5 tips to bring the theme out of your story

5 tips to bring the theme out of your story

Storytelling is a hard thing to do, especially in a world consumed by instant gratification. It’s important, then, to ensure that the point you’re trying to make to your readers comes across loud and clear.

Here are 5 tips I use to help me make my points and reduce the ‘noise in my work’.

1. Consider the lessons learned

Whenever I read a story, I learn something. Whether that’s about myself, about society or just about something interesting, I take something away from every story.

When I sit down and write, I want the reader to take something from my work, too. So, before I put pen to paper (or fingers to keyboard) I ask myself:

What would I want to take away from this if I were to read it for the first time?

A feeling of comfort, a fright, a laugh… Whatever it is, consider the destination before you start the engine and steer true as you write. Deviation will muddy your point.

2. Look into your writing style

Kerouac was known for spontaneous prose. His writing goal was to emphasise that ‘rush of feelings’ you get when you have just experienced something exhilarating and enthralling.

His work is sporadic and passionate. His sentences are long-winded. Kerouac’s writing style perfectly reflects the themes portrayed in his story. LIFE is not just read but felt on the page of any Kerouac book. The same should stand for your work.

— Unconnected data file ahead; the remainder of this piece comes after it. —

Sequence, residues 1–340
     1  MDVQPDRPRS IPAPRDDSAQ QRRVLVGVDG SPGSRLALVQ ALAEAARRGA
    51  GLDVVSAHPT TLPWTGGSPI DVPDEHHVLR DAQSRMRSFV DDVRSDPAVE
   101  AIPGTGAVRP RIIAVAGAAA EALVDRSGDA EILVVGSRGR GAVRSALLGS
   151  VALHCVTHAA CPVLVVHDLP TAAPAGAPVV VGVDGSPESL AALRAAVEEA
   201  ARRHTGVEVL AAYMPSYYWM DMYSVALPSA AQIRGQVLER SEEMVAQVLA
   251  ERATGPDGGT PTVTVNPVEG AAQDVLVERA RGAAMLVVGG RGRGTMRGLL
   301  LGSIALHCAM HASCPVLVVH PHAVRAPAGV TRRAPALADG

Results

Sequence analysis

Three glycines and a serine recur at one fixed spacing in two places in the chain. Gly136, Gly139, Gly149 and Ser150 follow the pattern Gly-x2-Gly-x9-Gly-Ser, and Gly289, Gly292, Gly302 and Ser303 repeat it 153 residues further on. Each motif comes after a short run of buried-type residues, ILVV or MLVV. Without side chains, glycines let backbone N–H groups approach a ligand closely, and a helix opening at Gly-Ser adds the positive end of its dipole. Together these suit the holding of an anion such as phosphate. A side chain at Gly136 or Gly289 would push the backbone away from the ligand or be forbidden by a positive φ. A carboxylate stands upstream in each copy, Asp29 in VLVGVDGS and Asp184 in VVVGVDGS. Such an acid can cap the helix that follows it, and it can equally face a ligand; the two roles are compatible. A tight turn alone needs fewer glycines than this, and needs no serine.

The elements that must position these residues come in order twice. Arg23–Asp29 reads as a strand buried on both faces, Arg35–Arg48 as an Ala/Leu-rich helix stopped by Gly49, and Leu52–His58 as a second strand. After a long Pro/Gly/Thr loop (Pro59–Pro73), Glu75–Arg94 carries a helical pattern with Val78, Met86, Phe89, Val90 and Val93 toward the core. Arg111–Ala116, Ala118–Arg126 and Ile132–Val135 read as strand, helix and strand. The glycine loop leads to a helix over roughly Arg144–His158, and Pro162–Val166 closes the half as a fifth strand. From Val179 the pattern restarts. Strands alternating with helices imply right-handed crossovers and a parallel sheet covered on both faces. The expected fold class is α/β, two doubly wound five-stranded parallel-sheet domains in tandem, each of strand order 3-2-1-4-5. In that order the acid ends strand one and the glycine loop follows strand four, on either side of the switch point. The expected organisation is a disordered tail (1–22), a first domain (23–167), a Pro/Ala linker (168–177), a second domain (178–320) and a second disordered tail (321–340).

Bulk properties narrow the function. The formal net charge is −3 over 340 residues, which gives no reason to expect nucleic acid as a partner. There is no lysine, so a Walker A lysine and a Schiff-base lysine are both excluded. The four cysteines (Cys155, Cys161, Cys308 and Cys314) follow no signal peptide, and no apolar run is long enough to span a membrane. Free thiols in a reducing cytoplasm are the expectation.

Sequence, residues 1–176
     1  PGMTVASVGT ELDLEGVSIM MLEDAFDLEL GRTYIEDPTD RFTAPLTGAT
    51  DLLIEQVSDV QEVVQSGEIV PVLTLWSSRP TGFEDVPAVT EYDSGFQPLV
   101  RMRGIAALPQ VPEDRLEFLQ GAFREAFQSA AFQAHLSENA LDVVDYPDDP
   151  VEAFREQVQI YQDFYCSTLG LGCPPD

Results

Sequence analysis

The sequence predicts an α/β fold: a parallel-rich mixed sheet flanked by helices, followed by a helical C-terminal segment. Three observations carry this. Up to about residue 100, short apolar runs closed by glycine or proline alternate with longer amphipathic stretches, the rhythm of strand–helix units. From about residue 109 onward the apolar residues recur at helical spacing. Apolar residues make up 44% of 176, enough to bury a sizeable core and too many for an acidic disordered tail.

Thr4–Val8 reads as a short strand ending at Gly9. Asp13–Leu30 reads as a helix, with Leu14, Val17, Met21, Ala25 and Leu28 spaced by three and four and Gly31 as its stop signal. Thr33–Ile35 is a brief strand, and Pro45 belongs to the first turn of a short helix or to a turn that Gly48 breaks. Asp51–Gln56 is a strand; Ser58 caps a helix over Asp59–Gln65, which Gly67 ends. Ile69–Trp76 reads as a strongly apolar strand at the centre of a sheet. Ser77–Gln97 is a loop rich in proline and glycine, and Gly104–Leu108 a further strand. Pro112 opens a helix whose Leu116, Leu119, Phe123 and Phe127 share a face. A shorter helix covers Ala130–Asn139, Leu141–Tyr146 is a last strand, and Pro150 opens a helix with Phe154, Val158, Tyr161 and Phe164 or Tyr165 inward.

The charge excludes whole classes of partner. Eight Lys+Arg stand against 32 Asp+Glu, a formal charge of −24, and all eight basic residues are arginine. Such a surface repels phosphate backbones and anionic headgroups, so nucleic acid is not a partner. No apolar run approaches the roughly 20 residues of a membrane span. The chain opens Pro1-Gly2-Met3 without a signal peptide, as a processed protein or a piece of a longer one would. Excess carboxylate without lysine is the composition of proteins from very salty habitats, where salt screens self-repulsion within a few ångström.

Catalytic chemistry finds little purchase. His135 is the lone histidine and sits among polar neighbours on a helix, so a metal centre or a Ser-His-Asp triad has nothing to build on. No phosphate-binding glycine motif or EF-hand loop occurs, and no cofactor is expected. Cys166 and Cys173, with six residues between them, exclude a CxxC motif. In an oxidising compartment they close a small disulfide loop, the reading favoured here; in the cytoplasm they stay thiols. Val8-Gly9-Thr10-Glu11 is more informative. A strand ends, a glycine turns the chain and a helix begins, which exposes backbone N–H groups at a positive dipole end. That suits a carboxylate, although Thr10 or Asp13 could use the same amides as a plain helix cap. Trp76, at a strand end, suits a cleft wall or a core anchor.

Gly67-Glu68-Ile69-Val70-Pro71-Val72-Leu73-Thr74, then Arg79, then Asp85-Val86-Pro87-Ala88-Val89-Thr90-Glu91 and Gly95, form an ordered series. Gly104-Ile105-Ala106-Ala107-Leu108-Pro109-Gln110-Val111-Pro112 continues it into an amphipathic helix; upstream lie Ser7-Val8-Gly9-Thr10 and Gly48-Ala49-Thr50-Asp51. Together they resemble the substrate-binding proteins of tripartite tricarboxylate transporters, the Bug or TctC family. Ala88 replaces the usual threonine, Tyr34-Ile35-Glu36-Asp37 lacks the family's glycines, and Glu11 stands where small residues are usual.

3. Look at your characters

Who you’re writing about is important, too. Character development is a weak spot for me, and I’m only just beginning to learn the art of dialogue (and it is an art, trust me).

But, characters are idiosyncratic, and their uniqueness helps express the themes in your stories. Even if you write non-fiction, the people in your pieces highlight the point you’re trying to make. Development them well, and ensure they’re aligned to your theme.

4. Question your ‘why’

Why do you write? Answering this should be easy. But, as a career develops and new writing ideas and concepts are thrown about, it’s difficult to keep true to why you’re doing what you’re doing.

I used to write fast and hard after reading Kerouac, and then take my time with developing description after reading Hemingway. Mimicking other writers diluted the themes I wanted to highlight.

Ask yourself why.

5. Read philosophy

A new trick for me is to read philosophy. I recently venture to Hay-on-Wye in Wales (the home of books in the UK) and brought an introduction to Kant and Plato’s The Symposium, as well as Sophie’s World by Jostein Gaarder.

I like to write fiction, and I generally know the points I want to make when I write fiction. But, it’s not as easy as understanding your point. You need to practice making it in metaphorical and interesting ways.

Philosophy, although more to-the-point than fiction, is helping me better understand the themes I want to write about. It’s up to me to shroud these themes in story thereafter.